A game plan for meeting US military weight standards
Tuesday, June 04, 2019
I was assigned to Berlin Brigade during the infamous drawdown of 1994. The Department of Defense had been directed to undertake a reduction in force (RIF), and accomplished this directive by offering early outs and by increasing the stringency of weight standards.
Our best NCO, "Staff Sergeant J," was coming up on the end of his fourth four-year enlistment. He had 16 years in, and needed only four more to retire. Unfortunately, he was considered overweight, according to Army Regulation 600-9. And, in accordance with Army regulations, he was barred from reenlistment.
When I say that SSG J was a super trooper, I mean that he possessed an encyclopedic knowledge of the Infantry. He was the guy who the rest of the Company went to with questions. The man enjoyed mentoring soldiers, almost always had the correct answer, and would admit it if he didn’t have an answer.
He was an Airborne Ranger, a Jump Master, and he also had a CIB, an Air Assault School badge, and a Pathfinder badge. Sergeant J also led the fast group of runners during PT, and ran marathons for fun. While soldiers may debate whether his bar to reenlistment was unfair, it is not debatable that the action represented a massive waste of training and taxpayer dollars.
The real tragedy is that, had he been able to make it to 18 years of service, then in accordance with Army Regulation 601-280, he could not have been barred from reenlistment, and would have been able to make it to retirement regardless of weight standards.
A lot of mid-career NCOs have tricks to comply with BMI standards, such as spending time in a hot sauna, or taking diuretics. From my experience, it seemed that their efforts usually didn’t work because they weren’t following a plan to lose the weight.
To lose weight, a person needs to understand and track the intake of calories and eliminate the consumption of sugar, especially in the form of soft drinks.
The first step of calorie management is to establish a baseline for calorie intake.
If you’re a male, multiply your weight times 18 to find the number of calories needed to maintain your current weight. As a general guideline, if you consume more calories than this baseline, then you will gain weight. If you consume fewer calories, you will lose weight. For women, the multiplier is 16.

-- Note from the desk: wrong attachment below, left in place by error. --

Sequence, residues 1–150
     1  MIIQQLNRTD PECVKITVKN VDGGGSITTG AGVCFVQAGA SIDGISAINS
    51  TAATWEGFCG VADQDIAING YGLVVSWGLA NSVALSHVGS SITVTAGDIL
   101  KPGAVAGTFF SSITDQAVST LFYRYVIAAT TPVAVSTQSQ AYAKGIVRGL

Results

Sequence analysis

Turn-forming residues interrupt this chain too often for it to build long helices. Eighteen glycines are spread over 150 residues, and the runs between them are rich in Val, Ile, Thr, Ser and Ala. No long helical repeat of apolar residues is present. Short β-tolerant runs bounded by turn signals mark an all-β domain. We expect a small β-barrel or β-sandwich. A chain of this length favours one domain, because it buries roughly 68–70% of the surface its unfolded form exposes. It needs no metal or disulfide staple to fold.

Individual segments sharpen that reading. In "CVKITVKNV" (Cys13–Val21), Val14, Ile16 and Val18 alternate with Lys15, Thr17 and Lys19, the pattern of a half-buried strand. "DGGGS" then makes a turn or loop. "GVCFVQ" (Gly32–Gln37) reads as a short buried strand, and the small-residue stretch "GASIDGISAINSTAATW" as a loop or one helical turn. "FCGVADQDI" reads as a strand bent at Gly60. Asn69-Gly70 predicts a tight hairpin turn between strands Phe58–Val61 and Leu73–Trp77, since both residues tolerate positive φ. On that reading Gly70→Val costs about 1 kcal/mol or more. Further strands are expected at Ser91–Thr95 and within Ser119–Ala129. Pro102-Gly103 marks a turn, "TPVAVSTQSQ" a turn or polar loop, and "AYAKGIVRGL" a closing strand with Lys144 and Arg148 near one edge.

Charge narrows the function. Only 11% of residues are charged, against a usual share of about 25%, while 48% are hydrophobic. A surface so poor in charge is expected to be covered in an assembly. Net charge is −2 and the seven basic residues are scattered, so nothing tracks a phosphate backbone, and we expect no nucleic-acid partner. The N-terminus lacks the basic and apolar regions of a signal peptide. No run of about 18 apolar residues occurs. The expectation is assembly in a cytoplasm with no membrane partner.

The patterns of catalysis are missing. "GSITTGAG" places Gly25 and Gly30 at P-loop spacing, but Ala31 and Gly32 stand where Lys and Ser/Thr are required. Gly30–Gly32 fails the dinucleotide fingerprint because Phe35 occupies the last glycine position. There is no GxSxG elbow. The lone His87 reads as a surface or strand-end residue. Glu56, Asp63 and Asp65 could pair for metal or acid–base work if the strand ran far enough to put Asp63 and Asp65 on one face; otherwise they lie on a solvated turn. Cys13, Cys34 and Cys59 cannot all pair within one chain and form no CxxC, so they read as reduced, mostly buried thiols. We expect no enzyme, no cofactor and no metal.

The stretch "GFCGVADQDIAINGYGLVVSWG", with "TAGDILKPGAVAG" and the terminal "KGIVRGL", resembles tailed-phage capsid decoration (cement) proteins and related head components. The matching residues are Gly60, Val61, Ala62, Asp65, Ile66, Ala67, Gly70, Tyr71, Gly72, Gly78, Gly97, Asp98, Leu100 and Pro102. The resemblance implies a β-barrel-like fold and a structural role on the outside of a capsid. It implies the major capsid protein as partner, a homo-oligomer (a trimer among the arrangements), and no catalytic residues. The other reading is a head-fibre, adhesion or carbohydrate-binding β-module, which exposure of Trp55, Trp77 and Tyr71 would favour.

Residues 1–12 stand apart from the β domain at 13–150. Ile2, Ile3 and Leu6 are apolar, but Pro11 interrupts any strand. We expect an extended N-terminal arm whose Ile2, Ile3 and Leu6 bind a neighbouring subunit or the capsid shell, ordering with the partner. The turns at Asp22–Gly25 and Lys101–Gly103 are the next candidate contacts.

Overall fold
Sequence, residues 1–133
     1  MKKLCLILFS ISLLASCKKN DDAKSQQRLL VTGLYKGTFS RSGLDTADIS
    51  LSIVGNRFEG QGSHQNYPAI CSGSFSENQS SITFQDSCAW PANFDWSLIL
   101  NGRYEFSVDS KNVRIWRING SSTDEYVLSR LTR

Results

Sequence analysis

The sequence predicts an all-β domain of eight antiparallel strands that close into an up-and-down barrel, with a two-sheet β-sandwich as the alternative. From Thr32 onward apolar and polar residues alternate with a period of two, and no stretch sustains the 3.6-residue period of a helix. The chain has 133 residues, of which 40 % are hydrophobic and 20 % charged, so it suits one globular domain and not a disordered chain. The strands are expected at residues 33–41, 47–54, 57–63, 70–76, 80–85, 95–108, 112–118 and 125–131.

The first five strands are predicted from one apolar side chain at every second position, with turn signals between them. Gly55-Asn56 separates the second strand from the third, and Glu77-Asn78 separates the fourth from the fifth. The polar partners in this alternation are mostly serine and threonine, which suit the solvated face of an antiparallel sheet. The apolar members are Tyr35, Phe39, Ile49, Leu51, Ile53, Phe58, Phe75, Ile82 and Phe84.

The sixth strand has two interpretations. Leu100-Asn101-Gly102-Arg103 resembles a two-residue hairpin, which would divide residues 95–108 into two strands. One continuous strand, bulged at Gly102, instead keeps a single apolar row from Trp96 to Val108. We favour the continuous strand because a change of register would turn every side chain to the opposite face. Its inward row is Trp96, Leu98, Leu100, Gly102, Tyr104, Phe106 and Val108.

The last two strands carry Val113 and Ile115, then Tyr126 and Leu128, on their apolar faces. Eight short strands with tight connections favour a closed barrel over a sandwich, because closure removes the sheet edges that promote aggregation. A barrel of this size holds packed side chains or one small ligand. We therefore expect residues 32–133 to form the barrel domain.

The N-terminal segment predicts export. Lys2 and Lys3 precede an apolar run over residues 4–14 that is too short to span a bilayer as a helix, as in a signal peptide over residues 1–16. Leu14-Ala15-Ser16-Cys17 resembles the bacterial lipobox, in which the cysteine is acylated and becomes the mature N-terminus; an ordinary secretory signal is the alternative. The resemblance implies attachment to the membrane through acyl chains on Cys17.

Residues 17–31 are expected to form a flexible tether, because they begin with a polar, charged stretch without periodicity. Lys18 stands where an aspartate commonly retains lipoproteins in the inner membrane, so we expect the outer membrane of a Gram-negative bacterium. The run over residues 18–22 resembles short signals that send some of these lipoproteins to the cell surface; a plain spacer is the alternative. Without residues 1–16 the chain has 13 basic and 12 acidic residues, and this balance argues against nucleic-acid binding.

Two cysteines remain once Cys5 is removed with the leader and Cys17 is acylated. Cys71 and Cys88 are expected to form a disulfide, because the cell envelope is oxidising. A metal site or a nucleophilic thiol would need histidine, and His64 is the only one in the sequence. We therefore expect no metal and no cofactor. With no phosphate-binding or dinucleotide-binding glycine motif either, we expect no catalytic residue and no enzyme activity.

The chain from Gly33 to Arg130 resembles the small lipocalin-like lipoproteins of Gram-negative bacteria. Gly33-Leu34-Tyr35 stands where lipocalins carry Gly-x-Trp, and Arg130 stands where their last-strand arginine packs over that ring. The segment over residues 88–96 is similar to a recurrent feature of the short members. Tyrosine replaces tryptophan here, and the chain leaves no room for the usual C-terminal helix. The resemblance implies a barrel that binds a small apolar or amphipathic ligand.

Example: A male who currently weighs 200 pounds must consume 3,600 calories to stay that that weight. (200 x 18 = 3,600)
Another important step in calorie management is to keep a notebook that lists the number of calories you consume each day. For example, a Big Mac contains 540 calories, and an order of fries 230 calories. Of course, a person trying to meet tape probably shouldn’t be eating at McDonald’s.
In fact, if possible, your best bet may be to stick to military rations.
Army Dining Facilities provide calorie information regarding the meals they serve. According to the Combat Rations Database, a Meal Ready to Eat (MRE) contains between 1,200 and 1,500 calories, depending on the menu item.
The second factor in meeting weight requirements is to limit your sugar intake.
Processed sugar is incredibly bad for the human body. Sugar causes chronic inflammation of body cells, which can result in cancer, diabetes, and is often the cause of wrinkled skin. Moreover, sugar increases your chance of developing heart disease more than either sodium or saturated fat. There is also evidence that Alzheimer’s disease is actually Type 3 diabetes.
One challenge to limiting sugar intake is that nutrition labels list sugar content in terms of grams. Most Americans, aside from scientists and drug dealers, have a hard time visualizing how much of a substance constitutes one gram.
Here is a handy tip for visually sugar content. My personal favorite candy, the Jolly Rancher. is 95% sugar, primarily in the form of corn syrup. One Jolly Rancher contains 3.7 grams of sugar. That translates to 23 calories. This is 6% of the USDA’s recommended daily allowance
Just to make it easy, I like to round up to four grams when I’m using the Jolly Rancher technique.
There are nine grams of sugar in a Big Mac. So, eating one is the equivalent of eating two or three Jolly Ranchers.
One of the biggest sources of dietary sugar is soda, pop, or soda pop, depending on your place of origin. A Coke contains 39 grams of sugar, or 78% of the RDA. A Pepsi contains 41 grams, an A&W Root Beer 45 grams, and a Mountain Dew 46 grams. A Dr. Pepper contains 64 grams of sugar.
Drinking one Coke is the equivalent of eating 11 Jolly Ranchers, and a Dr. Pepper represents the amount of sugar found in 17 Jolly Ranchers.
Well, OK, you may think, I’ll stick to diet sodas. Not so fast.
Diet sodas actually increase belly fat significantly. This "toxic chemical soup," as Dr. Nicholas Perricone describes diet sodas, can also cause high blood pressure, high blood sugar, and high cholesterol.
Fortunately, there is a nutritional supplement called glutamine, which can quell the urge to eat something sweet.
These two techniques, keeping a food journal, and avoiding processed sugar can certainly help service members meet their weight goals. However, there are many other resources for developing a healthy diet.
Two of the best are the books “Deep Nutrition: Why Your Genes Need Traditional Food” by Catherine Shanahan and “The Perricone Prescription” by Nicholas Perricone.
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